Gove: Britons won't be able to visit seaside resorts 'for some time to come'

Michael Gove has warned that people will not be able to visit seaside resorts “for some time to come” as the UK continues its coronavirus lockdown.

Speaking in the House of Commons on Tuesday, the minister revealed that a total of 3,203 fines had been handed out to people who flouted social distancing rules between 27 March and 13 April.

Addressing the issue of travel within the UK, Steve Double, the MP for St Austell and Newquay, said: “One of the biggest concerns of people in Cornwall is that as we start to ease the lockdown we will start to see an influx of people coming to Cornwall and risk another wave.

BIGBURY-ON-SEA, ENGLAND - APRIL 10: Signs are displayed informing visitors of Covid-19 measures above a deserted Bigbury Beach on April 10, 2020 in Bigbury-On-Sea, England. Public Easter events have been cancelled across the country, with the government urging the public to respect lockdown measures by celebrating the holiday in their homes. Over 1.5 million people across the world have been infected with the COVID-19 coronavirus, with over 7,000 fatalities recorded in the United Kingdom.   (Photo by Dan Mullan/Getty Images)
Signs displayed informing visitors of COVID-19 measures above a deserted Bigbury Beach in Devon. (Getty)

“So can my right honourable friend assure me that as the government considers lifting the restrictions it will come with clear and enforceable travel restrictions to prevent this from happening?”

Gove replied: “My honourable friend is right, Cornwall is beautiful, visiting it is a pleasure, but at the moment and for some time to come, don’t.”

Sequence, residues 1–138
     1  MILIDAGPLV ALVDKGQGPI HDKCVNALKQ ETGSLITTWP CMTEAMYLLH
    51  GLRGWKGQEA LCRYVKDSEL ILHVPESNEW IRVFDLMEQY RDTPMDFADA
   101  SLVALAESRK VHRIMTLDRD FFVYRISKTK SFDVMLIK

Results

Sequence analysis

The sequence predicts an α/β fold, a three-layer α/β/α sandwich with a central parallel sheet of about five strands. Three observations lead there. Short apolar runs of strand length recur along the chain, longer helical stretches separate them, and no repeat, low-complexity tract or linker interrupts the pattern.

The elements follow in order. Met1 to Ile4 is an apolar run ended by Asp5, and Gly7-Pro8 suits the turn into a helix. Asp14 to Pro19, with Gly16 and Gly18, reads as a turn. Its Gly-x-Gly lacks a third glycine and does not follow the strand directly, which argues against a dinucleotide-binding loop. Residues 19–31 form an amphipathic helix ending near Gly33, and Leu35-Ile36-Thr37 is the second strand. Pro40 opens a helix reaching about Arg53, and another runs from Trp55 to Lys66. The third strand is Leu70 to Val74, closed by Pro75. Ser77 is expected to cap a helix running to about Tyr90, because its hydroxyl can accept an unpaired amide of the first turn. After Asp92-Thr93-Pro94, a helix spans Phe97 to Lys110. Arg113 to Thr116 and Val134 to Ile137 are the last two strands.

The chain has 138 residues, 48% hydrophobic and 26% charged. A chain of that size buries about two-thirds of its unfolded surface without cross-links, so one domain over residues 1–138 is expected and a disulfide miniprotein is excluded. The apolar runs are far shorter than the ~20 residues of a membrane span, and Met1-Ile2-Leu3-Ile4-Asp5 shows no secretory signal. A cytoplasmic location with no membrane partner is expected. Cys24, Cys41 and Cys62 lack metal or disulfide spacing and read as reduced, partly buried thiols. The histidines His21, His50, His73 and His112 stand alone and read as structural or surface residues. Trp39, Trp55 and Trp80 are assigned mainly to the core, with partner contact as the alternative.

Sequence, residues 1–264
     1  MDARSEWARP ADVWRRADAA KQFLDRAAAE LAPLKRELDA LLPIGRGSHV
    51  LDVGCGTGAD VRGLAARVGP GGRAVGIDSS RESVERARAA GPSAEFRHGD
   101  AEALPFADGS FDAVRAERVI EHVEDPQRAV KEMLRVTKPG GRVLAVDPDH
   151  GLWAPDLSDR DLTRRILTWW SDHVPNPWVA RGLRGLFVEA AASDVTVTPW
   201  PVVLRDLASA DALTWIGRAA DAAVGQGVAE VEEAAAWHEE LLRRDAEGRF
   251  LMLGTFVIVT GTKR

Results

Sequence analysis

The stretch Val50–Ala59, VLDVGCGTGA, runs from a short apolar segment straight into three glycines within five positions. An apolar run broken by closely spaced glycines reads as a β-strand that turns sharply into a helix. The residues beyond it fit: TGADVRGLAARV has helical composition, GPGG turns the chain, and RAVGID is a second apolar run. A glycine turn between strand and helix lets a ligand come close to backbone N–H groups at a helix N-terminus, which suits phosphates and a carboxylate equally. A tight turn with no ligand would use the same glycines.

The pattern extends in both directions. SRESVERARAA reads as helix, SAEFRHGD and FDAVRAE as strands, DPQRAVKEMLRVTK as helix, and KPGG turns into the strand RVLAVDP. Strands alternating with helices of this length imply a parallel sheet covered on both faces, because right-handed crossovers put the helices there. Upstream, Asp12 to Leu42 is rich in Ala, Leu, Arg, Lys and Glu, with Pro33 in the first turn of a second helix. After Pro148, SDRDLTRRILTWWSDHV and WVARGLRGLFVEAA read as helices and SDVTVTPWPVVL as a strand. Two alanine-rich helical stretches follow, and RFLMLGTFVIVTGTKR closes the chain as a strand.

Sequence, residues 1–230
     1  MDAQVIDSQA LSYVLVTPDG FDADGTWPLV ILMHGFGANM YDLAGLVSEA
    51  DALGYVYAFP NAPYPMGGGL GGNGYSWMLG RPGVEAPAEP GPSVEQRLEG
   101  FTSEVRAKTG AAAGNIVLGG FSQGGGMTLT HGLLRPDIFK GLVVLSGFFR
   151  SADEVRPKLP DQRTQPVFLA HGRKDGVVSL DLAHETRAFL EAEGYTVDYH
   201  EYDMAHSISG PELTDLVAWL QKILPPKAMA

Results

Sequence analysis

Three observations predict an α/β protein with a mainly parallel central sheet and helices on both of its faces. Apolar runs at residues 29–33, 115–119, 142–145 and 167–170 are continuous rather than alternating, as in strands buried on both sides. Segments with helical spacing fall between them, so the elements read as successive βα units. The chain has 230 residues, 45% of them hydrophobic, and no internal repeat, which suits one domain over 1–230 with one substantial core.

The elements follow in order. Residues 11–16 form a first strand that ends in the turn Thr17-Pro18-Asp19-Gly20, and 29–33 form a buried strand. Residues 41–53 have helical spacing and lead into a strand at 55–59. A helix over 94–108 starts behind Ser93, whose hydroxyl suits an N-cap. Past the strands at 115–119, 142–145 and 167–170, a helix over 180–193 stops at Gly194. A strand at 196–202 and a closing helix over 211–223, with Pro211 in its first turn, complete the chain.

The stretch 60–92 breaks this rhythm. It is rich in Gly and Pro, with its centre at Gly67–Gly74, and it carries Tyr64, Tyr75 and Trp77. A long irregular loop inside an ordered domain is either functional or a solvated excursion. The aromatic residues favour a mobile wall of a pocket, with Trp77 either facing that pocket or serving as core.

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He added: "Our police have been working hard to keep people safe, while enforcing the new measures the prime minister put in place just over a month ago.

"They've issued 3,203 fines between March 27 and April 13 to those who have flouted social distancing rules and this number will of course have increased considerably since then, all dedicated to helping save lives and protecting the NHS."

Gove acknowledged that the government has not got every judgment right in the steps taken to tackle the coronavirus, but said it would “do their very best”.

He said: "There will of course be further challenges ahead and I don't shirk from acknowledging that we won't as a government have got every judgment right.

"I and my colleagues will do our very best at all times to respond to these questions and challenges because we owe it to our public sector workers to work collaboratively and to harness all available resources in the fight against this virus.

"And in this fight, it is important that all of us recognise just how much we owe to the stoicism and steadfastness, the hard work and heroism, the compassion and commitment of those working at the front line of public service."

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